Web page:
Aon (AON, $205.52): “Is Aon Continuing to Chug Along?”
By: Joseph Vitrano, AIM Student at Marquette University
Disclosure: The AIM Equity Fund currently holds this position. This article was written by myself, and it expresses my own opinions. I am not receiving compensation for it and I have no business relationship with any company whose stock is mentioned in this article.
• Aon (NYSE:AON) provides insurance brokerage products for large to medium sized businesses. Their products include commercial risk (42%), retirement (17%), healthcare (15%), reinsurance (15%), and data analytics solutions (11%). These products are offered across the globe through Aon’s 112 offices. The company was founded in 1982 and is headquartered in Dublin, Ireland.
• Aon announced on March 9, they are acquiring Willis Towers Watson plc (WTLW.O) for approximately $30 billion. This is an all stock deal and Aon owners will retain essentially 2/3 of the combined company. This will make them the largest insurance broker in the world. The deal was accepted by WLTW shareholders and is expected to close in 2021.
• Aon beat Q2 earnings estimates by $0.04 which was primarily due to cost savings during the quarter. The firm paused share buy-backs but is looking to reinstate them for 2H 2020
• The firm has not cut any employees but has reduced salaries during the pandemic.
• Organic revenue growth fell by 1% in Q2 2020 due to declining revenues in their core business.
Aon’s revenue grew by -1% due to many of their segments staying flat and few compressing. The firm’s reinsurance business grew by 9% organically in Q2 which was due to the uptick in need for reinsurance solutions from the pandemic. Aon’s most recent earnings beat was caused by a reduction in expenses. This is likely not going to continue into 2H 2020.
The company’s health and data analytics segments fell the most in revenue growth on a percentage basis. The health segment lost $34 million (18%) of revenue due to clients having less employees and overall less renewals ($19MM), discretionary losses ($15MM), and a onetime adjustment ($16MM). The analytics segment compressed by 8% from client reduction in travel and events.
Aon’s Business Solutions (ABS) and United strategy have been vital in retaining customers during this time of uncertainty and improving upon costs. The united strategy will also help in combining WLTW as it works to connect all products firmwide for clients to have access to. The ABS platform has continued to reduce costs as associates can use it to perform arduous tasks which is part of the reason for the excellent margin growth of 240 bps.
The Acquisition of Willis Towers Watson will be a large undertaking for Aon. The acquisition presented challenges but looks to close in 1H 2021. Before Q2 management expected the acquisition to be accretive to EPS however, they have withdrawn EPS guidance due to the pandemic. Management have indicated though that the combined company still will recognize $800 million in cost synergies over a three-year period. The cost synergies will not come from divesting assets, and many of the two companies’ segments can complement each other. WTLW for example targets smaller businesses in their reinsurance segment while Aon focusses on larger ones. The combined firm will become the largest insurance broker, and with that comes a favorable pricing trend.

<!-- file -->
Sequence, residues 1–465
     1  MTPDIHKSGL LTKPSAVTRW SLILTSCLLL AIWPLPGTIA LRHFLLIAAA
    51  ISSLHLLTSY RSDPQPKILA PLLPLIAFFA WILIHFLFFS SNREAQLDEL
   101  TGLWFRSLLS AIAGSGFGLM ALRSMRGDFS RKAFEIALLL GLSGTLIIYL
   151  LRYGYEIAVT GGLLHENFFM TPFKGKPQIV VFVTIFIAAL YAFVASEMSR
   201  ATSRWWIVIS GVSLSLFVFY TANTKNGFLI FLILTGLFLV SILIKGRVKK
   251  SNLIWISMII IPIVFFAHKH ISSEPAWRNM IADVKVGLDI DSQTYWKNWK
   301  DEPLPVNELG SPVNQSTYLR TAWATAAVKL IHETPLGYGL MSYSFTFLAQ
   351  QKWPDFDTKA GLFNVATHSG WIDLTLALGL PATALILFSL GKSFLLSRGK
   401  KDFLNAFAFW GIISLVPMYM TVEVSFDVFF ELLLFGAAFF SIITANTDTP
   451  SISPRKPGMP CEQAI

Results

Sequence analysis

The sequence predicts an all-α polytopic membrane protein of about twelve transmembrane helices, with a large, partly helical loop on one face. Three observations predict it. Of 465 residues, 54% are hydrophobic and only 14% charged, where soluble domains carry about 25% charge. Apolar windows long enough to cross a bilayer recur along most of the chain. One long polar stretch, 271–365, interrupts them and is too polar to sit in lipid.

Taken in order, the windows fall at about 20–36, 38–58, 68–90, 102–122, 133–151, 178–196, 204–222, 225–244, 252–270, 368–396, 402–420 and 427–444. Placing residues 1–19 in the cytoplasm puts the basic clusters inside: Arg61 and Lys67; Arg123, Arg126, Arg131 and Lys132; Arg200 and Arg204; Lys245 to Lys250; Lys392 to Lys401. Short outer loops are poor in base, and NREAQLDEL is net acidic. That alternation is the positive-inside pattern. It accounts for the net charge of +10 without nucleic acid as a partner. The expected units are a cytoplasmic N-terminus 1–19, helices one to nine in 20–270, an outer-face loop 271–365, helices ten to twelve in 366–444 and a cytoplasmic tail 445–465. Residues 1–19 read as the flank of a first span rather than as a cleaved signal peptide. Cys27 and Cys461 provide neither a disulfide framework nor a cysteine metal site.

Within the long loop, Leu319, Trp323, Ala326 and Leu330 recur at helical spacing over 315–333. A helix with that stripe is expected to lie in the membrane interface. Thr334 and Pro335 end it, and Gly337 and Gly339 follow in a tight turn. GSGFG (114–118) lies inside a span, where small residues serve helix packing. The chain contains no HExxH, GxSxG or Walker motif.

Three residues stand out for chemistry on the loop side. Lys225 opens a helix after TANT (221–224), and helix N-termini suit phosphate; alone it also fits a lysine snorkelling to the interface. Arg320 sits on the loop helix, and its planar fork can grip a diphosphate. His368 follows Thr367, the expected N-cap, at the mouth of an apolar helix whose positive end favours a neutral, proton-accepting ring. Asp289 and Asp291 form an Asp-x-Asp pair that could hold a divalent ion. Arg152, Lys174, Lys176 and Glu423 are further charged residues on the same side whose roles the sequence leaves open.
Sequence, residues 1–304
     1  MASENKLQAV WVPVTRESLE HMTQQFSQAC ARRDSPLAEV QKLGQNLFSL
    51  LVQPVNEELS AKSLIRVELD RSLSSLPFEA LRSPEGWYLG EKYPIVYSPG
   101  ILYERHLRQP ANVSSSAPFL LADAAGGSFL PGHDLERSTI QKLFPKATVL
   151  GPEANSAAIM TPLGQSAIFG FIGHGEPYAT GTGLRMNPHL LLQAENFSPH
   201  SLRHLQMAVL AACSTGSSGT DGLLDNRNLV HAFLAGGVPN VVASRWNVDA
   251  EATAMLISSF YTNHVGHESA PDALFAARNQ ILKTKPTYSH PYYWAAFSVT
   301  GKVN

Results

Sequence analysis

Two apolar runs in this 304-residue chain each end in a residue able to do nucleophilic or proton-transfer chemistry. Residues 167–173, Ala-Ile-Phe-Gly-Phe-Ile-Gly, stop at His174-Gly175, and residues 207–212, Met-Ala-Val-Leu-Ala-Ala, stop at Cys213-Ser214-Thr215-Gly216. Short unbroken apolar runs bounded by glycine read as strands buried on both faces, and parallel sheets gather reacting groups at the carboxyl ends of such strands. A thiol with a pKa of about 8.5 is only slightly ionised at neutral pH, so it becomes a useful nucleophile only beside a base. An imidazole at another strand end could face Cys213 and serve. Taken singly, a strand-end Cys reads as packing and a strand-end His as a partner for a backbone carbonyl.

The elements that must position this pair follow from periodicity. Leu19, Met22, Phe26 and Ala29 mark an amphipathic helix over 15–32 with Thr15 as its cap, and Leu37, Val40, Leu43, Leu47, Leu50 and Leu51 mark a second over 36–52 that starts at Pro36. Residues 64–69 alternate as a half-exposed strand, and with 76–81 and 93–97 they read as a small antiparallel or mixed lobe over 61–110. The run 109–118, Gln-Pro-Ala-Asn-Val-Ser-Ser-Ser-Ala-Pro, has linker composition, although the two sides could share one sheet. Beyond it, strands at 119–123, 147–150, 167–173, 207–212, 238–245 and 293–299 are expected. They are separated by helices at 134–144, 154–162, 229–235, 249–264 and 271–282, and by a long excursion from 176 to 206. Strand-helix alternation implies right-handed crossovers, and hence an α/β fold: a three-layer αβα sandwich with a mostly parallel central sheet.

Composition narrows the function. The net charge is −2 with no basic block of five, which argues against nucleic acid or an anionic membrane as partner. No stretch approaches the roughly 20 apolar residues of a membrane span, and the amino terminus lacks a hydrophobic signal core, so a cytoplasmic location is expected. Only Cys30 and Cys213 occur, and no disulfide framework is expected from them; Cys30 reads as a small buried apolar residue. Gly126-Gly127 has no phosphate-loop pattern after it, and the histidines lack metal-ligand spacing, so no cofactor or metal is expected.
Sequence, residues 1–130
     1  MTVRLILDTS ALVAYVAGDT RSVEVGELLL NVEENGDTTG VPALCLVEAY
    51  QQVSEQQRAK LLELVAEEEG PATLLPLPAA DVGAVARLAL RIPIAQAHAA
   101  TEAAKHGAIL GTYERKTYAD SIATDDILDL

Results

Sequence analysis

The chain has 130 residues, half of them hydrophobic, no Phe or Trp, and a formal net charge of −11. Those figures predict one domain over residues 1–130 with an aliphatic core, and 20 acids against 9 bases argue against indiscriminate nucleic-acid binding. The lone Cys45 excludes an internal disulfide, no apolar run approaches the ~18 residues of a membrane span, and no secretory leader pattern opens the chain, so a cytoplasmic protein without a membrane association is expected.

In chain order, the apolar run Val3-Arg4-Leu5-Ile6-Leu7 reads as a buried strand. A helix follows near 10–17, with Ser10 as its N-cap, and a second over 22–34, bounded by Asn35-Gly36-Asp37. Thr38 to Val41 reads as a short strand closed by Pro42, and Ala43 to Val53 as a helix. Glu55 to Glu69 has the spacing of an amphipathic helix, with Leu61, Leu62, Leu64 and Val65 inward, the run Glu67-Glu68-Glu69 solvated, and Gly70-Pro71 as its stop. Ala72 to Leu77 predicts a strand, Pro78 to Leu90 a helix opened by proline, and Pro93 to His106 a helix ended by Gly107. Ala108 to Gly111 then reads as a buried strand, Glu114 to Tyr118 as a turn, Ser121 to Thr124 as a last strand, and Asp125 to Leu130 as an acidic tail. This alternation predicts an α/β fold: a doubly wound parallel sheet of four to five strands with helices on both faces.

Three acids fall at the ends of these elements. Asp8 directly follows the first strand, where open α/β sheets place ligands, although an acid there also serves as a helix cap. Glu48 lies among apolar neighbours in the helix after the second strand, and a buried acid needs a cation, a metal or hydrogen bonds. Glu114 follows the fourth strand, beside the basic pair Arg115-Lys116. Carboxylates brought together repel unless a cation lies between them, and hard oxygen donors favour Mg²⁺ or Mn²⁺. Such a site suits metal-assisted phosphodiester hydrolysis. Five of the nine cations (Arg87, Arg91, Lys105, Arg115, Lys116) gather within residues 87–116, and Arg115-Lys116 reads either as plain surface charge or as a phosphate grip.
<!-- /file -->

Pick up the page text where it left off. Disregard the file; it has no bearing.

What has the stock done lately?
Aon is currently priced at $214.52 up about 43% from the March 23 lows. The stocks performance essentially matched the benchmark of 43% from march to today. The stock has been held back by being related to the financial sector but has performed remarkably better than many of the largest insurance companies. Over the past month Aon is up 5% while the benchmark is up 4%.
Past Year Performance:
Aon had a tough road ahead of it going into the pandemic. With that fact the stock is still up 12.1% over the past year as opposed to benchmark which is up 3.6%. Aon has been a safer bet than other international firms due to their stable business model. The timing of the addition of Aon to the Aim international fund has not helped its overall performance as it was purchased for $221.06 in February of 2020.
While Aon in the Aim portfolio hasn’t had the best performance, it has been a more stable financial firm during the pandemic. Looking back at my past pitch, I indicated three drivers that were going to continue to grow the company. Those drivers being the cyber security insurance market, the gap in insured losses, and faster online quotes. Today those drivers are not only intact, but more important than before. The pandemic has brought the need for more data to be shared and stored online. The wildfires and hurricanes have brought attention to the issue of insuring catastrophe losses around the world. Faster quotes from online algorithms will reduce the need for expensive human capital going forward. For these key reasons Aon is recommended to continue to be held in the Aim international portfolio.